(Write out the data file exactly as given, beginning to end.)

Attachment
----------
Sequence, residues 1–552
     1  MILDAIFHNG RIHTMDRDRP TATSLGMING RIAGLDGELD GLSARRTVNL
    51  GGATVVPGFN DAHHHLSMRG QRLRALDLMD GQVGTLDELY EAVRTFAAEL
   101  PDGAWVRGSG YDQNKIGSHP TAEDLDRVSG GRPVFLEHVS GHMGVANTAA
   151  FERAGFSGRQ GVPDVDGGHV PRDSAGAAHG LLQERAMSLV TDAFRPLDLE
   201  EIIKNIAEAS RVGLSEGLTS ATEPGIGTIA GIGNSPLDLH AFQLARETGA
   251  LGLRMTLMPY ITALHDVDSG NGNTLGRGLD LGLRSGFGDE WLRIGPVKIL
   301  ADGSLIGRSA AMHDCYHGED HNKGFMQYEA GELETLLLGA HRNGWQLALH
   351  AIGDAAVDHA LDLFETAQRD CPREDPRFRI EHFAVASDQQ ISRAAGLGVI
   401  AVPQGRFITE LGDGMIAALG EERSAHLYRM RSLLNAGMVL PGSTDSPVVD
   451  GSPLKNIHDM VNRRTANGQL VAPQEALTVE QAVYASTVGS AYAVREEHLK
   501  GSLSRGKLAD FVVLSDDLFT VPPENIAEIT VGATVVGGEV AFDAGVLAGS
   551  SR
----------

Sequence, residues 1–552
     1  MILDAIFHNG RIHTMDRDRP TATSLGMING RIAGLDGELD GLSARRTVNL
    51  GGATVVPGFN DAHHHLSMRG QRLRALDLMD GQVGTLDELY EAVRTFAAEL
   101  PDGAWVRGSG YDQNKIGSHP TAEDLDRVSG GRPVFLEHVS GHMGVANTAA
   151  FERAGFSGRQ GVPDVDGGHV PRDSAGAAHG LLQERAMSLV TDAFRPLDLE
   201  EIIKNIAEAS RVGLSEGLTS ATEPGIGTIA GIGNSPLDLH AFQLARETGA
   251  LGLRMTLMPY ITALHDVDSG NGNTLGRGLD LGLRSGFGDE WLRIGPVKIL
   301  ADGSLIGRSA AMHDCYHGED HNKGFMQYEA GELETLLLGA HRNGWQLALH
   351  AIGDAAVDHA LDLFETAQRD CPREDPRFRI EHFAVASDQQ ISRAAGLGVI
   401  AVPQGRFITE LGDGMIAALG EERSAHLYRM RSLLNAGMVL PGSTDSPVVD
   451  GSPLKNIHDM VNRRTANGQL VAPQEALTVE QAVYASTVGS AYAVREEHLK
   501  GSLSRGKLAD FVVLSDDLFT VPPENIAEIT VGATVVGGEV AFDAGVLAGS
   551  SR